• .replace(/^([^aeiouy]+)(.*)/, '$2$1ay') - This statement specifies that if the word does not start with a vowel i.e ^([aeiouy]+), and is followed by anything else (``*.*)*, it should be replaced with a string formatted in the order '$2$1ay``'. The plus sign in ^([aeiouy]+) caters for a situation where there is a consonant cluster. Thus it represents every non-vowel character at the start of the word. '$2$1ay' generates the new string in the order of remaining characters + consonant cluster + '``ay``'. This gives the Pig Latin equivalent.

Note that we chain both .replace() methods in succession such that both cases are tested and only the one that matches will be evaluated further.

For a deeper understanding of regular expressions, you may use the resource cited at the end of this challenge.

To run the tests for this challenge, simply open your terminal and execute the command below:

npm run test pigLatin

Awesome, we passed all tests(as always 😉 ).

To run the performance test for this challenge, follow this link to JSPerf. The screenshot below, reveals the result of our comparison.

The result of our comparison reveals that the fastest solution is the Imperative approach and the declarative approach is approximately 88% slower.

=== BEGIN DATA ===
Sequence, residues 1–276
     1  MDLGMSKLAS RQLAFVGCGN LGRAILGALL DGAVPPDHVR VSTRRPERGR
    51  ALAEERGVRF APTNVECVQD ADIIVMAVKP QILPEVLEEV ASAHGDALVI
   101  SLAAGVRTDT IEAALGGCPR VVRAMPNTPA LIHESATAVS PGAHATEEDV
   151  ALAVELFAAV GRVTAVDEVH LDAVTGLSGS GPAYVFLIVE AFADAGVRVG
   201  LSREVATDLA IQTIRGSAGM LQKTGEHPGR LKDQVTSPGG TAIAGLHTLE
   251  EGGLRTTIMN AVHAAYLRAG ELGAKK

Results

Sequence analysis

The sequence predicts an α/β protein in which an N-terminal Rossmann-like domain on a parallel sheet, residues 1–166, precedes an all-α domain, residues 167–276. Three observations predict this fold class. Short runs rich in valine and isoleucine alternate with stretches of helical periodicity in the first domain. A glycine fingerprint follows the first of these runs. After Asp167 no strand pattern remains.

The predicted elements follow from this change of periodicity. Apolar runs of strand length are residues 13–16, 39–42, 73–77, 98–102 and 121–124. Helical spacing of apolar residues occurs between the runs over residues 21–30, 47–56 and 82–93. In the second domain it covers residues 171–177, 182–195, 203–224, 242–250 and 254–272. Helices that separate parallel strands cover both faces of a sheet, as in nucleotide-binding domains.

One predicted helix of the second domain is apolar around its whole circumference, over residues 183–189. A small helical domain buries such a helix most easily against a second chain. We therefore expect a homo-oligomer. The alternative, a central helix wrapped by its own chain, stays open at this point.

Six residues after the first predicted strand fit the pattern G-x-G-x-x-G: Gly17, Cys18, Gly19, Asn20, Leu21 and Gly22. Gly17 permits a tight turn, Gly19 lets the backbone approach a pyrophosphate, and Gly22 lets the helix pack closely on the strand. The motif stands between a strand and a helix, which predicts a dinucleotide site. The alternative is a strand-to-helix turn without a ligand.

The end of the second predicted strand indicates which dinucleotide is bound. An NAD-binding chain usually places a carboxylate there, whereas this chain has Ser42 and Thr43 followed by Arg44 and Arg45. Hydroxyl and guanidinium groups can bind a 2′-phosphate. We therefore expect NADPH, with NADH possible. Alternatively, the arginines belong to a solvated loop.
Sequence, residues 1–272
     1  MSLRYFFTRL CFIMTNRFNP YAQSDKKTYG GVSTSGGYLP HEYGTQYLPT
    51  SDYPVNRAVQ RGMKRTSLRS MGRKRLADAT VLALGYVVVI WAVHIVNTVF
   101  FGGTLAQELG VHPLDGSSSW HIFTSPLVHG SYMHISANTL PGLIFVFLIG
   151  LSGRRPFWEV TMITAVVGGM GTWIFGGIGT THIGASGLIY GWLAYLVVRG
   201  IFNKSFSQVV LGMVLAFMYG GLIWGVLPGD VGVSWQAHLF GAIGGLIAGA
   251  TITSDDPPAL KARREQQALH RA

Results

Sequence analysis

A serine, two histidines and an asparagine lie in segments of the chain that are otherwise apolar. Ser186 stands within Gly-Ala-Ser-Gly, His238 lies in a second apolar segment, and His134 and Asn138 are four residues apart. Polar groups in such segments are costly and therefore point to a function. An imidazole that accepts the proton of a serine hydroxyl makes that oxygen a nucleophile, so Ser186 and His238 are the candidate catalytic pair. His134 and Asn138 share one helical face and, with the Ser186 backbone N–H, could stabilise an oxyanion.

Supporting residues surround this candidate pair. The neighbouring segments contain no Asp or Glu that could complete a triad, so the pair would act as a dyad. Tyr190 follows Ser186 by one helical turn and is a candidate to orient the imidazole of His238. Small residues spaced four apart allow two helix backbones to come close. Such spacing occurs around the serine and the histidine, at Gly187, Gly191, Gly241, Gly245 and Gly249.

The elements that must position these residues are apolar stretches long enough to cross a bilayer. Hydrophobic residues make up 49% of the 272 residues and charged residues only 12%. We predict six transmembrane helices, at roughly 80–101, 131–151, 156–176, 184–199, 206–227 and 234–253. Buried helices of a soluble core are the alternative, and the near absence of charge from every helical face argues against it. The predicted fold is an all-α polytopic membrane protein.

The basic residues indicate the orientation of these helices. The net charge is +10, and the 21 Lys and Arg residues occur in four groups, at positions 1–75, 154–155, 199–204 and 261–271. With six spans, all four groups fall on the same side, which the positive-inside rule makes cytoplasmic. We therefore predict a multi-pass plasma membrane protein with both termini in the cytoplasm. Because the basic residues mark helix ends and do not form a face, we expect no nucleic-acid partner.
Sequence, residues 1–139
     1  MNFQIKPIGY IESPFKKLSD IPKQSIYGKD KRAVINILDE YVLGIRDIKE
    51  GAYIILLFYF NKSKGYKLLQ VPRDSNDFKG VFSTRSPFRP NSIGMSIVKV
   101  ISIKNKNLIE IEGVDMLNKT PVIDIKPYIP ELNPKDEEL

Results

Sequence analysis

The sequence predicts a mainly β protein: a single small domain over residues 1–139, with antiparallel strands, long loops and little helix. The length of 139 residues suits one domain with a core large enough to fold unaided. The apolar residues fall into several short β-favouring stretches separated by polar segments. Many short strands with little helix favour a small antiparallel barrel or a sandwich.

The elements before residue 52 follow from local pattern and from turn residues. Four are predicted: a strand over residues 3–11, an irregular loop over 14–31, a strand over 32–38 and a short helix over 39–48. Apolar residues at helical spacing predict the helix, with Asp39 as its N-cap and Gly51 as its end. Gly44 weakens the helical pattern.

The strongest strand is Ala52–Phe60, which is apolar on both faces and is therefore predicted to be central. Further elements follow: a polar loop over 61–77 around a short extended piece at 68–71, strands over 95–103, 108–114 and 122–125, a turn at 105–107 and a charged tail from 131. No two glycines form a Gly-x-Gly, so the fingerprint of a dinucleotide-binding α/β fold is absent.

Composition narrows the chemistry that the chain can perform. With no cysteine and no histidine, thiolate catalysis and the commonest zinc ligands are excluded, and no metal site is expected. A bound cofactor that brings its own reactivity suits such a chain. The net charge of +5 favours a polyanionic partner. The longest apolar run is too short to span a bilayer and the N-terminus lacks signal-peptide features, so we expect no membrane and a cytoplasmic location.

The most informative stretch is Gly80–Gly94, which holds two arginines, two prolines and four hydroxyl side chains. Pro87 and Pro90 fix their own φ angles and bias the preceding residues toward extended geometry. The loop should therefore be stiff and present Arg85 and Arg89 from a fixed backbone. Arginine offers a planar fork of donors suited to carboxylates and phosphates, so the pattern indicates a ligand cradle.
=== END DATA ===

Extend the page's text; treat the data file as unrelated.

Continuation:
Pig Latin although not a formal language is mostly used as an obfuscation technique in games. This means that it is used to pass messages across in a coded form, thus reducing the readability and preventing it from being easily interpreted.

It may also be encountered as an interview challenge testing ones string manipulation capabilities.

In the course of solving this challenge, we have successfully implemented a function that returns the Pig Latin equivalent of any English word received.

Our performance comparison reveals that the imperative approach is the optimal solution. This in no way implies that the imperative style of programming is generally more optimized than the declarative.

Interestingly, this challenge also reveals that fewer lines of code doesn't directly translate to better code.

For a deeper understanding of the concepts and techniques highlighted above, you may use the following links:

See you in the next one!✌🏿